ANAHEIM, Calif. (June 15) -- A 3-year-old boy is clinging to life after being shot several times, allegedly by his father, who apparently turned the gun on his wife and himself in a murder-suicide that some reports suggest could have been brought on by mortgage debt.

Though the incident occurred Sunday night, the grisly scene at the family's suburban home went undiscovered for 14 hours, as the boy cowered in a pool of blood behind a backyard trash can and his uninjured 5-year-old brother hid inside the house, police said.

"The [older] boy remained in the house hiding throughout the evening and into the morning hours," Anaheim police Sgt. Rick Martinez told AOL News. "He didn't know what to do."

After the father failed to show up for work Monday at the family's auto repair facility, a co-worker arrived at the home around 10 a.m.

"The 5-year-old answered the door and said, 'My mom and dad have been shot,' " Martinez said. "The worker was with his wife and told her to call 911."

The family's names are not being released by police because they are having difficulty locating relatives to make a death notification. The younger boy remains hospitalized in critical condition, and the older boy is in the care of social workers.

An anonymous person called 911 at 8 p.m. Sunday to report gunshots in the area, but responding patrol officers could not locate the area where it happened. The single-family home is in the vicinity of several businesses and an apartment complex.

Police theorize that the 54-year-old man shot his 39-year-old wife in the head as she sat in a chair in the backyard, fired at his 5-year-old son who stood in the doorway of their home, and then fired several shots at the younger boy, who was also in the backyard standing near a swimming pool gate, Martinez said.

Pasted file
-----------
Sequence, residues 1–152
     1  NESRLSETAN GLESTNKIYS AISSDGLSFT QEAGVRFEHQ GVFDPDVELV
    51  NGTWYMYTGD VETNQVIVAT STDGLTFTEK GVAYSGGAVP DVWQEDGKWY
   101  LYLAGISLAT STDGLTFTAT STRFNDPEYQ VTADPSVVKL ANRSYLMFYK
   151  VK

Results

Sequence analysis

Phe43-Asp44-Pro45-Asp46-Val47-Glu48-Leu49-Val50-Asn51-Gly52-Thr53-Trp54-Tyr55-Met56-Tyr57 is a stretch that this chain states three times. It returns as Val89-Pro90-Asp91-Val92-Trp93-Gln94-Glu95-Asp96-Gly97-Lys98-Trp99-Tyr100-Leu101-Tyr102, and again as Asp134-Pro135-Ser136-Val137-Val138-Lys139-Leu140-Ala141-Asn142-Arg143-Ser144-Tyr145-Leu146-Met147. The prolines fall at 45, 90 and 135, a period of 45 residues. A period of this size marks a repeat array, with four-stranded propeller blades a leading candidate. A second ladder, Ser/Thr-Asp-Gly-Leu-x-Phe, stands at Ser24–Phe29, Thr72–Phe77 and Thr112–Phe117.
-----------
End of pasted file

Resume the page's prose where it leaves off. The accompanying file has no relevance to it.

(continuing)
The younger boy was struck in the chest, stomach and shoulder before the man shot himself in the head, Martinez said.

"I'm sure the woman never knew what was coming, she was still sitting in the chair," Martinez said.

Martinez said detectives are working on the case, "trying to determine what [the man's] true comprehension of reality was. We didn't have any previous calls that I know of relating to domestic violence."

A public records search shows a possible motive, however. The Orange County Register reported that the couple was deep in debt, borrowing against their home five times and recently taking out a $462,000 loan. They were behind in mortgage payments and faced foreclosure, and owed another $26,000 on credit cards.

KABC-TV interviewed a customer at the auto repair shop who stated the wife planned to leave her husband if he didn't stop drinking and that she feared for the safety of her children.

In the family backyard today, a beer can stood on a patio table and a dozen more were inside a plastic grocery bag leaning against a wall. A bloody stain was in the center of the patio, feet from a green plastic child's play car. Other toys were strewn about, along with old car parts and miscellaneous machinery.